The Toll at the Pump

Gas Supplies Tight; Bush Asks Drivers to Conserve

By Sara Kehaulani Goo and Justin Blum
Washington Post Staff Writers
Friday, September 2, 2005

Motorists gearing up to hit the road for the Labor Day weekend are already confronting gasoline shortages, closed stations and prices rising daily across the nation, and relief is expected to come slowly.

After meeting with Federal Reserve Chairman Alan Greenspan, President Bush said Hurricane Katrina had severely disrupted U.S. energy supplies and asked consumers to conserve fuel in the coming days. "Americans should be prudent in their use of energy during the course of the next few weeks," he said. "Don't buy gas if you don't need it."

Some oil companies, including Chevron Corp., have begun rationing the amount of gas they sell to suppliers.

Several stations in the Washington area ran dry yesterday, and shortages hit even harder elsewhere. Some local customers said rising prices prompted them to top off their tanks, contributing to the area's diminishing gas supplies.

In West Virginia, stations ran out of gas overnight, only to be saved by a new supply of fuel arriving by truck before the morning rush hour. Customers in the mountains of North Carolina could buy only premium gasoline because regular had sold out. Confused drivers in Georgia saw prices that had climbed as high as $5 a gallon suddenly drop back to $3 in the span of 24 hours.

Kassandra Bremont, comptroller of a group that owns 17 gas stations in Maryland, was trying yesterday to track the whereabouts of a tanker truck that was supposed to deliver gas that morning. As of yesterday afternoon, three of the BP stations her group owns had no gas, and a few more were about to run out. The 30 nozzles at the station in Catonsville were covered in plastic. Bremont kept a cell phone in hand and occasionally checked BP's internal Web site for updates.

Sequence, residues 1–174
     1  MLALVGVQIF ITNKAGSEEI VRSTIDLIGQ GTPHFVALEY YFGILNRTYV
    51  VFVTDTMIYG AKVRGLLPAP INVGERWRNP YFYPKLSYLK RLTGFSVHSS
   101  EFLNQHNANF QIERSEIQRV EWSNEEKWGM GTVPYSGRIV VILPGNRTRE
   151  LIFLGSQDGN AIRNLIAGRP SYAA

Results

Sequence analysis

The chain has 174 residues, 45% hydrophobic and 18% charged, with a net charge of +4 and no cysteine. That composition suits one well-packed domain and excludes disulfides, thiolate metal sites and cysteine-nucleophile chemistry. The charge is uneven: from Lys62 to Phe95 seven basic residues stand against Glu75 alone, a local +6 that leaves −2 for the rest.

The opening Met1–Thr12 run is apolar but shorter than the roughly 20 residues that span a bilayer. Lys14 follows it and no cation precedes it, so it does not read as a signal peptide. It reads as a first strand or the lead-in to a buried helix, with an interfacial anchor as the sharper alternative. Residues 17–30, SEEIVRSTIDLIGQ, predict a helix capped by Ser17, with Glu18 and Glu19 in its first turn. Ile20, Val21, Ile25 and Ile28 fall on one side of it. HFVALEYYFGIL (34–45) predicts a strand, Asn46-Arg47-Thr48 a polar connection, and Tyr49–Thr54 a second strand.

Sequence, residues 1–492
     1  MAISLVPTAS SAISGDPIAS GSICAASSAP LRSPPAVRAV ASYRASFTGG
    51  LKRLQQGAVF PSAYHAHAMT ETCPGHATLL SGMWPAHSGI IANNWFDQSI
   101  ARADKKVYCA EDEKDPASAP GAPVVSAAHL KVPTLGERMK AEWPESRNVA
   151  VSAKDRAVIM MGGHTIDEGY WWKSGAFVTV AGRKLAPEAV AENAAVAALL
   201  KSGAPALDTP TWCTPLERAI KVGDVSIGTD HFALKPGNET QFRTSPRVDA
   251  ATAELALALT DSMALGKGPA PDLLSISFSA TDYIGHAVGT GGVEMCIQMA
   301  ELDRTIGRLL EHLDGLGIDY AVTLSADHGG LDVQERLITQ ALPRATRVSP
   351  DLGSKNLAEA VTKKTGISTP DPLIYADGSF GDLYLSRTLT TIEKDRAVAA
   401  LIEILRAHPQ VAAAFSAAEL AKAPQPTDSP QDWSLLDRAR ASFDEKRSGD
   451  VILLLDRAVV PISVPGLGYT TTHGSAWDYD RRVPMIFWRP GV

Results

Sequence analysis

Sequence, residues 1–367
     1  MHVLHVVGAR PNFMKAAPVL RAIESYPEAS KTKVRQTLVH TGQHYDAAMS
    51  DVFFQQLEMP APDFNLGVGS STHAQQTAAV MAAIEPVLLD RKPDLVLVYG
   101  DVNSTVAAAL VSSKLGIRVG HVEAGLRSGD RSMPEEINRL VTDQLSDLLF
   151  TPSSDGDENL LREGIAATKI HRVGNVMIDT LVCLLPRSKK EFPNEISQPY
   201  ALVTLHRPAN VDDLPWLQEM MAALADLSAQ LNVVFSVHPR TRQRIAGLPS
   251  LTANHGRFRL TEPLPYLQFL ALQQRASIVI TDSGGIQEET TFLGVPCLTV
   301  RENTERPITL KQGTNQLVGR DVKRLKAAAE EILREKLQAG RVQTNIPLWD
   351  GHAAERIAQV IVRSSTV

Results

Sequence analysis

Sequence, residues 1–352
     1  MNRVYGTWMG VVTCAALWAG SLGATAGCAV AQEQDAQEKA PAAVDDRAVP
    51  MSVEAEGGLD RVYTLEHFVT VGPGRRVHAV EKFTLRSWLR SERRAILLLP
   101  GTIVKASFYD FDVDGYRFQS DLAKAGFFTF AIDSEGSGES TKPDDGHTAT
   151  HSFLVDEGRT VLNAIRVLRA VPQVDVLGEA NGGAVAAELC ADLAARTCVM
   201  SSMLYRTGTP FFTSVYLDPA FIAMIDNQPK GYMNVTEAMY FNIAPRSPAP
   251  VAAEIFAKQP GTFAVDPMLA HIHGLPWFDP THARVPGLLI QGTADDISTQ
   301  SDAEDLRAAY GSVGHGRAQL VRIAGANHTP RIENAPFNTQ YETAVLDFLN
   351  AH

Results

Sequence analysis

"We're trying to decide whether to close down the station," which operates from 6 a.m. to midnight on a normal day, Bremont said. "If we don't get gas soon, there's no point in paying someone $8 an hour to do nothing but talk to customers" or sell the occasional cigarette pack from the station's mini-mart.

Consumers angered over soaring gas prices made 5,800 calls yesterday to the Energy Department's price-gouging hotline. Motorists' ire was evident in an AP-Ipsos poll released yesterday showing that Americans want Bush and Congress to make the high fuel prices a top domestic priority. The gas crunch is rippling through the economy and raising policy issues for the White House. Some airlines, already struggling to survive, are facing ever-higher jet fuel costs.

Gas prices in the Washington area varied yesterday from as low as $1.08 in rural Maryland to $3.50 in some parts of Bethesda. The average price of gas for the Washington area rose 5 cents, to $2.73, yesterday from $2.68 on Wednesday.

"The jump was only a nickel, strangely enough," said John B. Townsend II, spokesman for AAA Mid-Atlantic. "But when you drive around, you see a totally different story. The prices are changing so rapidly it's almost hard to keep up with it."

Two major pipelines disrupted by Hurricane Katrina that provide much of the Washington area's gasoline showed signs of life yesterday, although it could be days before they are running up to full capacity. Colonial Pipeline Co. said that it was operating at 40 percent of capacity and that it hoped to operate at 61 percent by today and 86 percent by the middle of next week. Officials with the other pipeline, Plantation Pipe Line Co., said the line is operating at 25 percent.

Floodwaters and mandatory evacuation orders have prevented some oil firms from assessing damage to their refineries, and other logistical problems have limited their ability to inspect offshore oil platforms.

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